Our “research and development” version of the simulation disaggregates terrestrial carbon emissions and removals by country.
Where can I learn more about the organizations that created the simulation?
What simulations are similar to this one?
Climate Analytics, Potsdam University, provides a similar model.
Other simulations that are designed for use by policy-makers and/or on the web include the Java Climate Model (JCM – Matthews 2003), FAIR (den Elzen & Lucas 2005), Good Enough Tools (Socolow & Lam 2007), IASSA’s RAINS model, DICE (Nordaus 1994, 1999+) and MAGICC/SCENGEN.
What press coverage has there been about C-ROADS?
Where can I learn more about C-ROADS and other simulations?
Explore the rest of our website: climateinteractive.org
Where can I learn more about applications of C-ROADS?
Visit our project blog: climateinteractive.org/blog
Who can I contact for more information?
Where can I learn about the science, assumptions, testing, and background of the C-ROADS simulation?
How can I save the settings of a scenario so I can load it and build upon it later?
After you have set up a run, simply click the “Save run” button and name the run. Two files are created in the C-ROADS-CP/Models folder, a data file, “my run.vdf”, and a settings file, “my run.cin”. The data file contains all of the data output of the simulation and the settings file contains all of the settings to replicate the run when you wish. Settings files are much smaller (~5 KB) than data files (~5 MB).
Once I save some settings, how can I retrieve them?
From the C-ROADS “CP” main screen, click the “Load stored settings” button. Select the settings file you want by clicking on its name then click “Open”. The simulation opens with those settings active.
Can I build upon a previous run that I saved? How?
Yes, two ways. From the C-ROADS “CP” main screen, select either “Load stored settings” (described above) or “Update run”. When you click on “Update run” you must select the previous run upon which you wish to build and click on “Open”. Continue to build upon your previous work.
I made an Excel file of simulator output. Where was the file saved?
The default location for files created when you select the “Export dataset” button is the C-ROADS-CP/MODEL folder. You may put them elsewhere, but the default search location for output files is in the C-ROADS-CP/MODEL folder.
How can I delete old runs?
Go to the C-ROADS-CP/MODEL folder and drag the unwanted file into the recycle bin. Or go to “Load/Unload Run”, highlight a run on the left side of the window, under “Available”, and click the “Delete” button.
What is the best way to share a simulation run with another C-ROADS-CP user?
The most efficient means would be to send a copy of the “my run.cin” file that was saved into My Documents/C-ROADS-CP/MODEL/my run.cin. It is a small file for emailing purposes. The recipient places it in the C-ROADS-CP/MODEL folder and runs the simulation and selects “Load stored settings” from the opening screen it will be available for them to load. If they then wish to, then may create a copy of the data file by choosing “Save run”.
You could also send them a copy of the data file, “my run.vdf.” They could view this using the “Review runs(s)” button – which doesn’t allow the run to be altered – or they could use ‘”Update run” and view or modify the run further and create their own settings file using the “Save run” function.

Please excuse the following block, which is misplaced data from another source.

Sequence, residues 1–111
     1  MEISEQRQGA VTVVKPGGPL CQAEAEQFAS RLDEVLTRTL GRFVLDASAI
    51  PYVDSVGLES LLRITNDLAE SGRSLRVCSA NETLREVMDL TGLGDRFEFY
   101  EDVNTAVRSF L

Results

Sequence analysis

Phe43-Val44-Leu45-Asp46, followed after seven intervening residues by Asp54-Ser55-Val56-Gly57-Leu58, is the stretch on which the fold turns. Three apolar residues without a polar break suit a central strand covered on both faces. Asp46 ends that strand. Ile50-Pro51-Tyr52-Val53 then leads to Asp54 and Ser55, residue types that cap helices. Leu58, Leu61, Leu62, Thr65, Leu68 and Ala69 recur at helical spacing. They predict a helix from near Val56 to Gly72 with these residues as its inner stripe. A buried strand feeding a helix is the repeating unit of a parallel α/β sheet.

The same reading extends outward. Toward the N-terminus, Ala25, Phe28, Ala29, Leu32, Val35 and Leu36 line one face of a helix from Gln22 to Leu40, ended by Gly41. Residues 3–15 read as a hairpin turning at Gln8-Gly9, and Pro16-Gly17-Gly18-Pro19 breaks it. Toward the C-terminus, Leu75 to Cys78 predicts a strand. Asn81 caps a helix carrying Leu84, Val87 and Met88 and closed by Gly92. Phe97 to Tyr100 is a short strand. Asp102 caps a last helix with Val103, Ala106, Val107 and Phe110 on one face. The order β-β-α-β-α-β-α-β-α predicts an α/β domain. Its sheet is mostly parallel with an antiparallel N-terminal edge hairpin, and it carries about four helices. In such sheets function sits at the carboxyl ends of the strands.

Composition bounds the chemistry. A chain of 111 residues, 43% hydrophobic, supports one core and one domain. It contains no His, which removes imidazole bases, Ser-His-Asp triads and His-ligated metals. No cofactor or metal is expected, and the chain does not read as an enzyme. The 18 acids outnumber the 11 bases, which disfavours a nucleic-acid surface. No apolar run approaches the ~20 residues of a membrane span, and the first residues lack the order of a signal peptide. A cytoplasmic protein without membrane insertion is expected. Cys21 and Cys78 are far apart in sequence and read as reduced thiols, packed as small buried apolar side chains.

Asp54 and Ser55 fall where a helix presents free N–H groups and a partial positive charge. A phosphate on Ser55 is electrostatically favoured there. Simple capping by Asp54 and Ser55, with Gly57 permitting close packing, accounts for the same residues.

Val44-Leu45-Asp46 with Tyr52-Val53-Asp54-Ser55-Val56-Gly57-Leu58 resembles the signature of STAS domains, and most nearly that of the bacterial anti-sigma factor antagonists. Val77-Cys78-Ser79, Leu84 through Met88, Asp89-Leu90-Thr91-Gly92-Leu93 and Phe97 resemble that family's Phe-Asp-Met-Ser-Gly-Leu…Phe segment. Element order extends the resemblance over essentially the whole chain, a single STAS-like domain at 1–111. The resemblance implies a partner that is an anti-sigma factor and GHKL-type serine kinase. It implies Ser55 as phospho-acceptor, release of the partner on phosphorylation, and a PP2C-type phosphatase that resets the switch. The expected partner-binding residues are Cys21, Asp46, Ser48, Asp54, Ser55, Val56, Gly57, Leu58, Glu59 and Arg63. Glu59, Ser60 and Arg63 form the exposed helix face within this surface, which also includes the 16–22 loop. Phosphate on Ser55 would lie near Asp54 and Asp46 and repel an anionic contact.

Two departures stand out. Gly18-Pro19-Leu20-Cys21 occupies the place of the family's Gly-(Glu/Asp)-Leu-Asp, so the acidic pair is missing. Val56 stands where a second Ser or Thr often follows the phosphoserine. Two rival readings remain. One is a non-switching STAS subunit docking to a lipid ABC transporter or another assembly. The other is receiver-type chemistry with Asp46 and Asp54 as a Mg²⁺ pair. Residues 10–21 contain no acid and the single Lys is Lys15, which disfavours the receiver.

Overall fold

What is the difference between the two types of graphs-the ones on the left and the ones on the right?
In the left pane are graphs mostly related to emissions profiles of the different gasses – inputs, more or less. In the right graph pane we have comparisons and impacts or effects – atmospheric concentrations, temperature change and sea level rise. Inputs on the left. Outputs on the right.
What are the countries in the 6 region mode? In the 15 region mode?
Countries in the 6 region mode are the United States, European Union, China, India, all Other developed countries and all Other developing countries.
The 15 region mode is comprised or the United States, European Union, Russia, Canada, Japan, Australia, South Korea, all other Developed non-MEF, Mexico, China, India, Indonesia, Brazil, South Africa, all other Developing non-MEF countries.
How can I see a bigger version of a graph?
Below each graph pane is a “Large Graph” button. Clicking the “Large graph” will open a window containing a larger copy of the graph above it. You may open a large graph from each pane. Within the large graph window, you may select other graphs to view. The graphs selections are the same as in the parent graph pane. You may also export the image of the graph and the data used to create the graph.
How can I view the numbers behind the graphs?
To see the numbers underlying a graph, click the “Data table” button. This brings up a window containing the graph’s data with choices to “Export all” or “Export Range”. There is also a check box to select to transpose the data before exporting it. When you click “Export all” the entire data set for the graph is placed on the clipboard ready to be pasted into an appropriate application of your choosing.
If you click the “Export Range” button you have an additional choice to select the date range of the data you wish to export. The default range is the same as the graph you are viewing. The data are placed on the clipboard for you to paste in your application of choice.
How can I make an Excel file of the numbers behind the graphs?
Select the graph from which you would like the numbers. Use “Export image/data” to open a dialog for the graph you are viewing which will allow you to export a picture or data in a variety of formats. The data export allows you to export data as an excel file.
An alternate method is to select “Data table” and choose either “Export all” or “Export Range” to place the data onto the clipboard. Switch to your spreadsheet program and paste the data into a worksheet.
How can I copy a graph into another program like Word or PowerPoint?